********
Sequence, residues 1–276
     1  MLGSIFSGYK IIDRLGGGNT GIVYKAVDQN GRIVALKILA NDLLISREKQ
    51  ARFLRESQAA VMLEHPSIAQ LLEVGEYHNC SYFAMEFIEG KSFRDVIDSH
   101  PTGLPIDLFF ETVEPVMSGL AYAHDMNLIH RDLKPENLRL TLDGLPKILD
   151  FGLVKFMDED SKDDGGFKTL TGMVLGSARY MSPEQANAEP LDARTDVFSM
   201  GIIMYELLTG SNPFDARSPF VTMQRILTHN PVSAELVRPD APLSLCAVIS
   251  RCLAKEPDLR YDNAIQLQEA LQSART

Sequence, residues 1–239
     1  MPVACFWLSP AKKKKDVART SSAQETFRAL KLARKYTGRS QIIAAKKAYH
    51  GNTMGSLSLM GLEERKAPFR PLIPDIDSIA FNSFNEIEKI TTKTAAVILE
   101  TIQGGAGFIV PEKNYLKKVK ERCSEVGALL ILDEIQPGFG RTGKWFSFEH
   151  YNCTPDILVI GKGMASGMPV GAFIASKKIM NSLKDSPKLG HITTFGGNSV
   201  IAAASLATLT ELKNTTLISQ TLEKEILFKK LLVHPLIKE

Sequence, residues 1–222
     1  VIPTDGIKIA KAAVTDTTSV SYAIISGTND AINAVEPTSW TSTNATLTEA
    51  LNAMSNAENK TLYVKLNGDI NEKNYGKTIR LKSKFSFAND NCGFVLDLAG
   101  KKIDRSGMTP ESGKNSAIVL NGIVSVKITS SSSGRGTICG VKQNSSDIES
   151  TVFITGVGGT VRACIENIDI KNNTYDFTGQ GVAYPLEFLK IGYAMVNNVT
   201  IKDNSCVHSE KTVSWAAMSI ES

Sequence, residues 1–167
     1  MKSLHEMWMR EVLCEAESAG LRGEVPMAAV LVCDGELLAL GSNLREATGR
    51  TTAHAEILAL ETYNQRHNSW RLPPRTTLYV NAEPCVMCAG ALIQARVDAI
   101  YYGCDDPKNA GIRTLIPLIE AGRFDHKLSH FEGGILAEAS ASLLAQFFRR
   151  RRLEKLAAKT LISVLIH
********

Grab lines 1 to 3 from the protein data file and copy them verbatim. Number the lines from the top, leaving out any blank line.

Sequence, residues 1–276
     1  MLGSIFSGYK IIDRLGGGNT GIVYKAVDQN GRIVALKILA NDLLISREKQ
    51  ARFLRESQAA VMLEHPSIAQ LLEVGEYHNC SYFAMEFIEG KSFRDVIDSH